It looks like the strike action set to sweep across Melbourne’s train network is going to be far more extensive than anyone first thought, with a full-on driver strike now planned for late August that will completely shut down the city’s train network for the better part of a whole day.

The Rail, Tram, and Bus Union today informed Metro Trains that drivers will walk off the job for four hours between 10am and 2pm on Tuesday, August 27th, as part of on-going industrial action by the Union over pay and conditions.

This will follow two planned days of additional strike action undertaken by frontline Metro staff, set for Monday August 12 and Monday August 19, that will see staff throw ticketing gates open, refuse to check Myki cards, refuse to wear uniforms, and refuse to enact last-minute scheduling changes, in action that will see commuters get free rides on those days, but will also likely cause large delays to scheduled services.

However, Metro officials have gone on the front foot in a bid to dissuade the action and any potential “encouraged” fare evasion from punters.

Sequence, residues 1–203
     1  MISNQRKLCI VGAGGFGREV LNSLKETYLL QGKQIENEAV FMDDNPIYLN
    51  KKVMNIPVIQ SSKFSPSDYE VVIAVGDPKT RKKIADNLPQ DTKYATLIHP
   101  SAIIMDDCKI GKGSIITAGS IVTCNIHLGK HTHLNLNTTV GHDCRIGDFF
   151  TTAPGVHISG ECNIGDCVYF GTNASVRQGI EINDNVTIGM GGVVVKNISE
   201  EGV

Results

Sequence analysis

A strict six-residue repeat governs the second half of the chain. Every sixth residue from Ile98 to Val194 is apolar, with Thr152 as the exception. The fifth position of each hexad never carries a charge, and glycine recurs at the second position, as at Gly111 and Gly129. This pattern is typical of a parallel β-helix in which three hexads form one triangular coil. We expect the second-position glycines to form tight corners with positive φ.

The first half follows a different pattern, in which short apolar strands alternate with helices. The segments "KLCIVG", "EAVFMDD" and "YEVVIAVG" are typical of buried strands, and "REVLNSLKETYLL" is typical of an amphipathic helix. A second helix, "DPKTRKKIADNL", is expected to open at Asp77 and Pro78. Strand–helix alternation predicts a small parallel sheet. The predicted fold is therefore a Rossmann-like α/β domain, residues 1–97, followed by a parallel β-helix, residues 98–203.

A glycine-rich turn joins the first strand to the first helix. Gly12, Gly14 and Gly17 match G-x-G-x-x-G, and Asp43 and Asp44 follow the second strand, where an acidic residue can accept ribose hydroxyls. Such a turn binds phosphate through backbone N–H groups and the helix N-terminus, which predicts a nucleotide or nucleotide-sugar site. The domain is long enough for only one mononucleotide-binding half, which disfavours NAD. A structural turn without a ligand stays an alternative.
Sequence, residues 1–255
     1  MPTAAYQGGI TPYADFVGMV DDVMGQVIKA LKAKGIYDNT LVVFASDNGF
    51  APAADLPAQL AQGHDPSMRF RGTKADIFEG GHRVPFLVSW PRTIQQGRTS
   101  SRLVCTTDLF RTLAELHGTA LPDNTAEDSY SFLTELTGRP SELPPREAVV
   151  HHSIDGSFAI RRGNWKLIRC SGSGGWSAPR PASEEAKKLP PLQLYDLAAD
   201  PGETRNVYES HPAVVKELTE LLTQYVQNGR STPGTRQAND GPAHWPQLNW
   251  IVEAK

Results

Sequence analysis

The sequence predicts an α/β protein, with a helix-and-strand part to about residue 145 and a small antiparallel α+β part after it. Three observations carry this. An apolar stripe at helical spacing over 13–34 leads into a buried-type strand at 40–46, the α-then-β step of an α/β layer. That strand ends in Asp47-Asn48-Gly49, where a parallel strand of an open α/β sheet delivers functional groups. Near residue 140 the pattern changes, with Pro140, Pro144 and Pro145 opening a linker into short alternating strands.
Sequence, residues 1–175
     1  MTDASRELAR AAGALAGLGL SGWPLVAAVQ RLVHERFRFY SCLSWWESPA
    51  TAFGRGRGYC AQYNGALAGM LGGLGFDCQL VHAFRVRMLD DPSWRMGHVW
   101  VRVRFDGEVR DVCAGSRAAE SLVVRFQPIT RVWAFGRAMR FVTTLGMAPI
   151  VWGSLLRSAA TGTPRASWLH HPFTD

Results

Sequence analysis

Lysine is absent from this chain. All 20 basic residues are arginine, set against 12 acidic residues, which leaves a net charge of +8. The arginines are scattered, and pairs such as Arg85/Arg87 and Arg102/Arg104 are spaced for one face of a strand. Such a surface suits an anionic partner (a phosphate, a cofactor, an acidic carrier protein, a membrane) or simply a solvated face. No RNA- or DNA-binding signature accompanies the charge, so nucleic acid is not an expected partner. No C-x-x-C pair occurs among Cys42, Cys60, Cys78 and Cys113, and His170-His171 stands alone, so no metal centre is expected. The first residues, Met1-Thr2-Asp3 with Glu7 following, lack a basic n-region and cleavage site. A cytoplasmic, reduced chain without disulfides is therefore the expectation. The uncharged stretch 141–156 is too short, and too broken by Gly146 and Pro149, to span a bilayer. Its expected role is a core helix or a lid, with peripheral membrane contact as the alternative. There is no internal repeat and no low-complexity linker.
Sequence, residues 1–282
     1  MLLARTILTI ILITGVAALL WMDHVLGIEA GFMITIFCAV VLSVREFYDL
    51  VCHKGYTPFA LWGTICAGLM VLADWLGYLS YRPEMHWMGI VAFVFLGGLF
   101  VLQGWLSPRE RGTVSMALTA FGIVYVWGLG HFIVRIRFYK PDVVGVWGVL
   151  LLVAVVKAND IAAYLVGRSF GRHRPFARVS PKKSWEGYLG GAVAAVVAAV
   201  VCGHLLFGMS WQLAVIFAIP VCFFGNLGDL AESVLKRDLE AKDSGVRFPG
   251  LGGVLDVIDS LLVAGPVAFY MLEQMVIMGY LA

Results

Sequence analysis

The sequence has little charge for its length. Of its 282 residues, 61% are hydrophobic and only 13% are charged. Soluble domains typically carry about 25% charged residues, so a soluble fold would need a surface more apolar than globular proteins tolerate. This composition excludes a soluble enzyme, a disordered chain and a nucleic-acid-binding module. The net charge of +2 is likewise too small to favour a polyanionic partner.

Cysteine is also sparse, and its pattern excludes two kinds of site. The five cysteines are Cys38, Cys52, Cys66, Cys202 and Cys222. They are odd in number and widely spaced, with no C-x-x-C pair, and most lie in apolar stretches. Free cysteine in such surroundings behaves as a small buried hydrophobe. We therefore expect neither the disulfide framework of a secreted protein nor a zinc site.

Metro officials took the RTBU to Federal Court today, seeking an injunction against any proposed strike action. Their argument being that it would mean the loss of large amounts of revenue on what they state is their “highest day” of the week, Monday.

They also stated that, contrary to what the RTBU has stated, police and protective services officers will still be present and checking some tickets, meaning people could still be fined for fare evasion despite all train station gates being wide open.

RTBU state secretary Luba Grigorovich stated that Metro’s attempts to halt strike action were little more than bullying attempts aimed at frontline workers.

Our members are entitled to be treated fairly and have reached a point where they have been forced to take industrial action. For Metro to run to the Federal Court at the 11th-hour to try to strip our members of their rights is indicative of how they have handled themselves in negotiations.

Commuters need to know that their public transport workers are only doing what they feel they need to do to make their point.

RTBU officials are pushing for a 6% rise in annual pay for its workers, however Metro officials have thus far offered only a 2% rise.

Image: Getty Images / Michael Dodge